6 Techniques to Influence and Persuade Stakeholders at Work

Are You Under The Influence?

Wouldn’t it be great if we could easily gain the willing cooperation and buy-in of others? We approach them because we need a favour, or some form of action on their part, and they agree to comply happily under our influence, instead of resisting or claiming they’re too busy.

If done correctly, people don’t mind being influenced, mainly because they don’t know it just happened. However, if you try too hard, your influencing endeavours will become obvious, and people might feel manipulated, which will not be well received!

To improve your influencing skills, let’s consider the work of Robert Cialdini, who identified 6 principles of influence:


If you do something for someone, they will feel better about doing something for you in return. The key is to be the first to give and make sure that what you give them is personalised and unexpected.

For example, if you get a tea or coffee for someone, then when they go to get their own, it’s highly likely they will repeat the good deed and get one for you. It’s the classic ‘you scratch my back and I’ll scratch yours’ concept!


People are more interested in things that are difficult to obtain or might run out. Anything that’s in short supply will be highly prized. If you possess and can control a resource that nobody else has, then your ability to influence will be greatly enhanced.

You might be a specialist in your job, which means you have unique skills and knowledge, and people will come to you in need of your expertise. Or you’re the Head of Finance and you control the company’s bank account, so you decide which projects receive funding or not. Advertisers use this principle: these prices must end on Sunday at 4pm! Get here while stocks last!


This principle works on the basis that people will follow the lead of credible, knowledgeable experts. You’re more likely to believe what your doctor, dentist or accountant is telling you because they display their diplomas and other prestigious-looking certificates in their offices. When a police officer in uniform tells you to do something, you obey.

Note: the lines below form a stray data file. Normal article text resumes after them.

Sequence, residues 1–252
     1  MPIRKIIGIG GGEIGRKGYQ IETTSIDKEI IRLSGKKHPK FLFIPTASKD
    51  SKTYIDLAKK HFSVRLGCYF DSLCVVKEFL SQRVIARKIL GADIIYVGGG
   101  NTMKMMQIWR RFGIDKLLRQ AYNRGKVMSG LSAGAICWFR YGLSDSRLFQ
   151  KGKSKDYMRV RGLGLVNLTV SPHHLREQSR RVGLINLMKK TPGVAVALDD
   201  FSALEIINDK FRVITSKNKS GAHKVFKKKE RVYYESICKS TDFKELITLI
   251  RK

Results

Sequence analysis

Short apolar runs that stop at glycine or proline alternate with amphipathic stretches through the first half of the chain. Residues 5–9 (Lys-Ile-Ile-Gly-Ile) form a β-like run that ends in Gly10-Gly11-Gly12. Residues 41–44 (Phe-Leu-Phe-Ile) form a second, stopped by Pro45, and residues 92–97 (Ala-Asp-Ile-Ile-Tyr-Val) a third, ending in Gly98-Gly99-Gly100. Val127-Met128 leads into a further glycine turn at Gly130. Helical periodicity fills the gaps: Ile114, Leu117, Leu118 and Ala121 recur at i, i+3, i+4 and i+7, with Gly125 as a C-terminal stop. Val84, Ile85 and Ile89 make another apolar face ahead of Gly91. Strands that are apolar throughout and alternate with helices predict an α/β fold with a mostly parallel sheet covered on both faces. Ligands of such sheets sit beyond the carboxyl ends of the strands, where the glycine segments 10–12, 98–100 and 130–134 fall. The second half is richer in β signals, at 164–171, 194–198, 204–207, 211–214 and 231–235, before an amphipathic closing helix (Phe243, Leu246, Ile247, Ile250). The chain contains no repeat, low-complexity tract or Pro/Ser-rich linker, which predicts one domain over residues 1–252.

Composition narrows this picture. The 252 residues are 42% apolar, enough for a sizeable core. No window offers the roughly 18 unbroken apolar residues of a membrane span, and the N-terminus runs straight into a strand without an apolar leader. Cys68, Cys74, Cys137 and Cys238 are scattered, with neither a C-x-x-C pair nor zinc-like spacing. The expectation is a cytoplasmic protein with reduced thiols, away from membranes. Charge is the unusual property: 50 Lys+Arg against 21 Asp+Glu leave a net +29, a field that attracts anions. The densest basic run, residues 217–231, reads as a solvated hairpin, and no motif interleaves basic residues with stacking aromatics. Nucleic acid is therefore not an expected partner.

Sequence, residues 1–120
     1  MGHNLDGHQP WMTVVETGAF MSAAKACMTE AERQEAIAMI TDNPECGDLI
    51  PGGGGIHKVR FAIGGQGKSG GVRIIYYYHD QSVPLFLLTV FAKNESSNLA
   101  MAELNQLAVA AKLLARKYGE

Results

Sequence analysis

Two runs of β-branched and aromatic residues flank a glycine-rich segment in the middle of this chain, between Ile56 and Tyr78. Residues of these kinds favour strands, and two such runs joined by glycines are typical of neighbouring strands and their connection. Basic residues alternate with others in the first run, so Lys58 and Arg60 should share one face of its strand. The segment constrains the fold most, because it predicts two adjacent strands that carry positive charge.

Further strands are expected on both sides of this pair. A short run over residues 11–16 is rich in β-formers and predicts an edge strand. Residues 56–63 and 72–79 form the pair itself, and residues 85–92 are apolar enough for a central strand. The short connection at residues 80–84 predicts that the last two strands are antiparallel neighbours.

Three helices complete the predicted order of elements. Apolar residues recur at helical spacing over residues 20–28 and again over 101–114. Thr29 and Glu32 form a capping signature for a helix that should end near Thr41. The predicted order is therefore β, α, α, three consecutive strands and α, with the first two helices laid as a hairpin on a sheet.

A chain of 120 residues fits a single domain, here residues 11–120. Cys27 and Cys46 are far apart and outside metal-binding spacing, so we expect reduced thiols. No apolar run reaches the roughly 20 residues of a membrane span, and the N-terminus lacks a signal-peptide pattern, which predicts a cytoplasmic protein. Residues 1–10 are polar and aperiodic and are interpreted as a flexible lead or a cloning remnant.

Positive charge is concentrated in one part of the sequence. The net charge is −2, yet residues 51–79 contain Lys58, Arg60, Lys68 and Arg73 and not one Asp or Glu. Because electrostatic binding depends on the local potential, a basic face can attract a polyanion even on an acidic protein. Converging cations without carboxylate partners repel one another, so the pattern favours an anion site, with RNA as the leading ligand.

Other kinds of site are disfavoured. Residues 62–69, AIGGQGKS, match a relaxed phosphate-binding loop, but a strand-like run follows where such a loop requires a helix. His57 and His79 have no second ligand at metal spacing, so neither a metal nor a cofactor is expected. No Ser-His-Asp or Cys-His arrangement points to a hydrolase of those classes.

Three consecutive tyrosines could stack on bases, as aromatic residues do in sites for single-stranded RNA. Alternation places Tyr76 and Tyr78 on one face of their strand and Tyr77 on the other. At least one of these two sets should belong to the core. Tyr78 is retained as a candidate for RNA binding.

It’s important to establish with others what makes you a credible and knowledgeable expert before attempting to influence, for example ‘I’ve been doing this for 20 years, and in my experience…’

Commitment & consistency

People respond favourably to those who are consistent in their message and committed to what they believe in. If you remain consistent, the response you get is likely to be consistent also. If you believe in something, then so can they, which makes them easier to influence.


People prefer to say yes to those that they like. If you can build a good relationship with someone, it will be much easier to get them round to your way of thinking. There are 3 important factors to bear in mind: we like people who are similar to us, we like people who pay us compliments, and we like people who cooperate with us towards achieving mutual goals.


This principle (also known as social proof) works on the basis that people will look to the actions and behaviours of others to determine their own. If you can show someone that what you’re asking them to do has already been done many times by many others, then it makes it feel safe and they will feel more comfortable complying,.

For example, ‘You weren’t at the meeting, but when I explained my idea everyone thought it was brilliant and they all agreed’.


We all rely on others for help and assistance, so wouldn’t it be great if we could get people willingly on board, whilst maintaining good relationships? This is where your influencing skills come into play. Cialdini identified 6 principles; you probably already use some of them and the others are at your disposal too. Happy influencing!